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Abstract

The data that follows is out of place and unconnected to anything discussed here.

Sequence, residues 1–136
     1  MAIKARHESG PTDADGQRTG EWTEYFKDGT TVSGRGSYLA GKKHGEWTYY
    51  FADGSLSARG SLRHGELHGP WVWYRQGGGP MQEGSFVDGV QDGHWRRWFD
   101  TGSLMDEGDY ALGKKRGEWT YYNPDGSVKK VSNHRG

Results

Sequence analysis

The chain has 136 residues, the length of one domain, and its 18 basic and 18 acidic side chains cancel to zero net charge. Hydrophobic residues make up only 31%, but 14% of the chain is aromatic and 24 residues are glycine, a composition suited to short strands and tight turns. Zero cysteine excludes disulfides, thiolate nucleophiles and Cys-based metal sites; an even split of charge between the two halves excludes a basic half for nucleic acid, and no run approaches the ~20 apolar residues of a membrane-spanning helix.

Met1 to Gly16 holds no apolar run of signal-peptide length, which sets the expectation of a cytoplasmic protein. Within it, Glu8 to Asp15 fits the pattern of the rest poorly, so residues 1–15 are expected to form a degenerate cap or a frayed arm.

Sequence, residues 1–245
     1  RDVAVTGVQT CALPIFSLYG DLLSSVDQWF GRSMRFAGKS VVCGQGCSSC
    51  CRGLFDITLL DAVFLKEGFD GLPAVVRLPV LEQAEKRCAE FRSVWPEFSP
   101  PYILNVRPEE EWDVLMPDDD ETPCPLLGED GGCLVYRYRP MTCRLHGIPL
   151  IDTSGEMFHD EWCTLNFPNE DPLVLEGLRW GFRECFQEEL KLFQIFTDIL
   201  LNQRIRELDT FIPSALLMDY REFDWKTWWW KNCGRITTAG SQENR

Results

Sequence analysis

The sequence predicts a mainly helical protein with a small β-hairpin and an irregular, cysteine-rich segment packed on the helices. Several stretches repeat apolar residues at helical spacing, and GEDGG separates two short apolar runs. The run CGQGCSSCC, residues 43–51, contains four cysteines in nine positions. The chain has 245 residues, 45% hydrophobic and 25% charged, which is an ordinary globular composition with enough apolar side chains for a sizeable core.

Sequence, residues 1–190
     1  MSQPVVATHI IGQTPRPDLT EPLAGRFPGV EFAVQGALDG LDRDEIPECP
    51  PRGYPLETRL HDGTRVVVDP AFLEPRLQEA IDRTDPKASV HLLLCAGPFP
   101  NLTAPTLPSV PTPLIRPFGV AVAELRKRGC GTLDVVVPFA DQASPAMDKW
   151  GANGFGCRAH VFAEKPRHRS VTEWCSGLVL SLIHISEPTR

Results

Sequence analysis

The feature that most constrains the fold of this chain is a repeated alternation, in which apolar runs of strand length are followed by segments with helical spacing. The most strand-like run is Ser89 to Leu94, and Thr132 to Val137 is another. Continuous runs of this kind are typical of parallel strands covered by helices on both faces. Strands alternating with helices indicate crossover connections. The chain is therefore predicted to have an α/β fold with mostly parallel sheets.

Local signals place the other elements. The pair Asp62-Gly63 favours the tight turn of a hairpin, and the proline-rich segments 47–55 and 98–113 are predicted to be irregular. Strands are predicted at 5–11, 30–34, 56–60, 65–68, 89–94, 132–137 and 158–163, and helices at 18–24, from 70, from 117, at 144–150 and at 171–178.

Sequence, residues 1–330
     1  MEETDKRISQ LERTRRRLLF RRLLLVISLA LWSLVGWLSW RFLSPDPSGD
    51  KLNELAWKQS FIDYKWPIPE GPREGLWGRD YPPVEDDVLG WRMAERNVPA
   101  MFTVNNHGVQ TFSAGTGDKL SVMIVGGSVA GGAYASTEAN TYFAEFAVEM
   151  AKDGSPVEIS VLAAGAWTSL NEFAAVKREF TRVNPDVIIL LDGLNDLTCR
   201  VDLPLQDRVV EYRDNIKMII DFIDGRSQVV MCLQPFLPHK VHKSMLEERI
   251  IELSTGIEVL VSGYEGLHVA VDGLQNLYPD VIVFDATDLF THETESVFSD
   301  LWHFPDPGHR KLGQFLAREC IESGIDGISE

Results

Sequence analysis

The trend toward earlier patient discharges from hospitals has provided new incentives for hospitals and public health nurses to work together to ensure that patients receive uninterrupted quality care after discharge. This study investigated perceptions of the discharge process using a structured telephone interview to survey a sample of 30 adult patients who had been hospitalized for at least 24 hours in a small, rural community, hospital in the upper Midwest. The county public health nursing agency contracted with the hospital to provide discharge planning services. Patients identified discharge needs in 15 different areas, with a mean of 5.8 needs per patient. Twenty-seven percent of the patients received referrals for the services of a public health nurse, homemaker, or both before discharge. One week after discharge 37 percent of the patients continued to need assistance appropriate for referral back to the professionals or agencies with whom they had had initial contact. Elderly patients with chronic illnesses were more likely to have received referrals at the time of discharge than younger patients with acute illnesses. Family and friends were heavily involved in providing support services in the postdischarge period.